Urgent Evoke

A crash course in changing the world.

So Week Three has come to an end and another set of missions awaits our collective focus and attention. It's certainly been a rollercoaster of emotions so far. I’ve been excited, inspired, appalled, amazed, frustrated, humbled, fired-up and de-motivated, to name just a few. I guess the main reason I’m writing this post is to cover the negative ones; frustration and de-motivation. I almost quit this week because of them.

Why? Well there’s a wh*** bunch of reasons, all tangled up, but what it fundamentally came down to was that I had written a couple of posts which had gone virtually un-noticed. Sounds silly, but I had put a lot into them. I refused to send a group mail promoting them (I’ve only ever done this once, to highlight another blog deserving urgent attention) – and those group mailings are starting to feel like spam. It felt like the honeymoon was over. I’d been here from the start and had even made it onto the fabled Leader board for a while, but the sheer volume of new posts and new people was drowning out my ‘voice’. Anyway, once I got over myself a little, I started thinking about all those other posts and people, about you, reading this now, and wondered how many others there were, either here for a while or just joined, who had gone un-noticed. There are a small number of people who have been sifting back through the post reel, gently encouraging others with their comments and trying to highlight strong posts – you know who you are :) I had been doing some of the same, but I resolved to do more of it. A funny thing happened then – the people I had left notes of encouragement for started reading those posts of mine that were gathering dust, and they started leaving me comments and encouragement too. The circle was complete and my ‘mojo’ was back :).

Stepping back from things a little, I think it’s all too easy to lose sight of what we are doing here and what difference we are already making. I’ve seen a few posts questioning the ultimate value or impact of EVOKE, that there are already loads of initiatives going on in the world that we could join or assist, rather than trying to start something from scratch. These are good points, and should be given fair consideration, but to me they are ultimately de-motivating and un-inspiring. I took part in an open ventures challenge last year, creating ideas and developing ventures for Cancer Research UK. The target of each venture was to make £10M for CRUK. Ten million quid. There was a school girl who made it through to the final with an idea of selling roses to other school kids. She and her team put together a venture submission, complete with a proper business plan, and not unlike the EVOKATIONS that we are building towards. She won (and so did four other ventures). The point I’m trying to make is that even from small beginnings, it’s totally possible to build up to something remarkable that can have a significant impact. Even if we don’t ultimately achieve this with EVOKE (and I think we will), we have already made a difference. We have been planting, sowing and growing. We have been investigating and learning new things, sharing it with the network for the greater good. Most importantly, we have inspired people, one another, from all walks of life and all around the globe.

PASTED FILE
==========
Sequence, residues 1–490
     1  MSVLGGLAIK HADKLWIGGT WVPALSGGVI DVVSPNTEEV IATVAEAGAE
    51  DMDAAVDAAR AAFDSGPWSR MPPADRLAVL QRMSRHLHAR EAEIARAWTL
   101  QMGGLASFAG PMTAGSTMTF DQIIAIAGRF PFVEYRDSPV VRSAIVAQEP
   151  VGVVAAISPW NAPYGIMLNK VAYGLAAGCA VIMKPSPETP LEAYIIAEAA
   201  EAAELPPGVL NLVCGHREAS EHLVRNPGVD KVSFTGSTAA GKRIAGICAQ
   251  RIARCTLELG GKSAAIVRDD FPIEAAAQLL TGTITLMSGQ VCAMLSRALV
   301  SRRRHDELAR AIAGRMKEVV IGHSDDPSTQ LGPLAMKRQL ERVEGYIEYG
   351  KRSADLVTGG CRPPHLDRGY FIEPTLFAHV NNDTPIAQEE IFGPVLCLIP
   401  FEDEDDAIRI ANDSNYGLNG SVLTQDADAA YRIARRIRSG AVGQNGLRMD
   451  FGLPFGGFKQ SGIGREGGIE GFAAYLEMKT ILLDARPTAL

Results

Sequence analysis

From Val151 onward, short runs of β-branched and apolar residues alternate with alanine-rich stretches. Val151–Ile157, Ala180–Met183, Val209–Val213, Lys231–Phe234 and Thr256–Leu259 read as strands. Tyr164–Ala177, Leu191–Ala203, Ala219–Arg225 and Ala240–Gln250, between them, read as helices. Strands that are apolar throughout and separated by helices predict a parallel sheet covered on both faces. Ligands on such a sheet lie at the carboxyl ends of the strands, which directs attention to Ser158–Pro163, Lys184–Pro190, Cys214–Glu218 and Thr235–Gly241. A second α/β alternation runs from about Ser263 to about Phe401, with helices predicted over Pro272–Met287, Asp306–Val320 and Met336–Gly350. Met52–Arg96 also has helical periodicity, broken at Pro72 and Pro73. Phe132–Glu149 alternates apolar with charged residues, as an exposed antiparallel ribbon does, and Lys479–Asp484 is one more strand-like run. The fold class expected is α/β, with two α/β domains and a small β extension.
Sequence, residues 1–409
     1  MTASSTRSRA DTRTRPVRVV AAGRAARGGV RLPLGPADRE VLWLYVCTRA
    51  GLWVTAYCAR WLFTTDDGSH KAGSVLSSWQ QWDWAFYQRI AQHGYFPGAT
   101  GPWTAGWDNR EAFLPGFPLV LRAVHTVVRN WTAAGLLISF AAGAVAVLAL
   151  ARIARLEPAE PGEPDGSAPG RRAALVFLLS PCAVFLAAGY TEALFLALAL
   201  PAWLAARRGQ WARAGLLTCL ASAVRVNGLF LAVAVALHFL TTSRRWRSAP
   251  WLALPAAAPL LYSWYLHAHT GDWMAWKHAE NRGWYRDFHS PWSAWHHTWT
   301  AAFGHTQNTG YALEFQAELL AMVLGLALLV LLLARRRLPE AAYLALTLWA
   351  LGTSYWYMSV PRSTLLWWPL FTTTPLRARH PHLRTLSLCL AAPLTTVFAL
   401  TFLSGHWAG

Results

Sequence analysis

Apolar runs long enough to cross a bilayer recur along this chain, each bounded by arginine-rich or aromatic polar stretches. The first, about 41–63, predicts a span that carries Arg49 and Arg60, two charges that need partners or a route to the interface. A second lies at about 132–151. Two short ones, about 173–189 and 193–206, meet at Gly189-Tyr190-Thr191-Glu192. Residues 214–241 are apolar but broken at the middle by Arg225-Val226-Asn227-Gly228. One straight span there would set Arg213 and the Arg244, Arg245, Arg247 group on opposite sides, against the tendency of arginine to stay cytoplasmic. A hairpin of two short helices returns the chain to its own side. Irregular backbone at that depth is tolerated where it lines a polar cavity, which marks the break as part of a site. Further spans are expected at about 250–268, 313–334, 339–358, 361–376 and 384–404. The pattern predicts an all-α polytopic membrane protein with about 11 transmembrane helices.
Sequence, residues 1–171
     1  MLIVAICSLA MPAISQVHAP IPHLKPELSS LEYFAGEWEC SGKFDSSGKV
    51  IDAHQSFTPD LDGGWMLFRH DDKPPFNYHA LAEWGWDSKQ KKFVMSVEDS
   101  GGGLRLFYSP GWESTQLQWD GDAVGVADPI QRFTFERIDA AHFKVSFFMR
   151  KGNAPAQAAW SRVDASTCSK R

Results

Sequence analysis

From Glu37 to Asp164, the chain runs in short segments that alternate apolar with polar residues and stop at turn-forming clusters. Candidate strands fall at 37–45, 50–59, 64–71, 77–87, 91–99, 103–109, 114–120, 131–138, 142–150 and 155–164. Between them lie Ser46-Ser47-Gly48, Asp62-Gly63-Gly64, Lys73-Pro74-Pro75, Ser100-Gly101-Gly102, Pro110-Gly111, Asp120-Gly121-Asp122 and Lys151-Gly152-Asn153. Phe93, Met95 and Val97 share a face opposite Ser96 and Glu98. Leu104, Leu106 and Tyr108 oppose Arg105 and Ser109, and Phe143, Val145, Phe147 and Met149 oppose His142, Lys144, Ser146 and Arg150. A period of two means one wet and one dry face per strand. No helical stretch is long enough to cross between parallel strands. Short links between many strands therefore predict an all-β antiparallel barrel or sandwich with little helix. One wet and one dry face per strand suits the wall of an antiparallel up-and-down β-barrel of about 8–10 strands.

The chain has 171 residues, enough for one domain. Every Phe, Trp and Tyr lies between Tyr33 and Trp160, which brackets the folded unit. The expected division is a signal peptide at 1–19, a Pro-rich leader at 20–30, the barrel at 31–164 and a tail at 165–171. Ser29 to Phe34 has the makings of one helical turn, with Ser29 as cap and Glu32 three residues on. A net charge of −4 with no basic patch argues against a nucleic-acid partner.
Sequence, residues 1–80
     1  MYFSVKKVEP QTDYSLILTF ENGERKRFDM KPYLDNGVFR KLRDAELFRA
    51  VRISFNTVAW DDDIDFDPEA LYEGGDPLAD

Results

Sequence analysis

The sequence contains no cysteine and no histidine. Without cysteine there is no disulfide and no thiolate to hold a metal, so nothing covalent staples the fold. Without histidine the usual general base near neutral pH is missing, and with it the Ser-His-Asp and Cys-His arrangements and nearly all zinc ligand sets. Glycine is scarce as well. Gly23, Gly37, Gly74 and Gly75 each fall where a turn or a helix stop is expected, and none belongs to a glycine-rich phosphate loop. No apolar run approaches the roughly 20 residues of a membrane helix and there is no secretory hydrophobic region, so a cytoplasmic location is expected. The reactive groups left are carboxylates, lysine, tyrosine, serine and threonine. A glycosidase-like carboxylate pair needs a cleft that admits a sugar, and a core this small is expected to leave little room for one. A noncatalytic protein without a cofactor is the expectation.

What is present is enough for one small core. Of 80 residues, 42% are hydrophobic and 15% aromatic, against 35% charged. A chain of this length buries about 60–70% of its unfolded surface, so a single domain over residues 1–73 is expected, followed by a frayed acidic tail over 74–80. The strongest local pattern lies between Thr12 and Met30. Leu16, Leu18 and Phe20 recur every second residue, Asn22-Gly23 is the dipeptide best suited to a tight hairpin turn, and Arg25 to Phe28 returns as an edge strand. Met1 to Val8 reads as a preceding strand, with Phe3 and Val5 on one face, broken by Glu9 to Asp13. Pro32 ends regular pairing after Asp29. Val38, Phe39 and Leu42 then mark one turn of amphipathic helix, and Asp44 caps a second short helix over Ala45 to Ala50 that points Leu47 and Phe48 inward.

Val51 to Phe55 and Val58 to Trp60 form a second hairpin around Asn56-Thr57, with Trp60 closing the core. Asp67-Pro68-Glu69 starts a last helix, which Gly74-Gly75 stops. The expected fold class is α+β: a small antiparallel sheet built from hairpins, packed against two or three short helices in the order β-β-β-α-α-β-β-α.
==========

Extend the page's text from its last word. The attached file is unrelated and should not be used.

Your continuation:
So, when things get bad, frustrating and de-motivating, don’t be too surprised. Just try and keep things in perspective, help someone else, and above all, keep going :)

Views: 67

Comment by Starling on March 25, 2010 at 8:28pm
Nice one Alex. Yeah when I find people whose thoughts I appreciate I am doing my best to go back through their blog roll and read all the posts. Then I find other folks who have commented - gives another set of links to find people besides the Evidence page and the Recent Activity sidebar. :)
Comment by Per-Erik Daniel Eriksson on March 25, 2010 at 9:09pm
Thanks for sending me a part of your newly found inspiration. I'm suddenly looking forward to tackling this week's mission. Water security is something I learned not to take for granted last weekend. I've mentioned it a little in my post already, and there will be more about it.
Comment by Lori Hutcherson on March 26, 2010 at 6:44am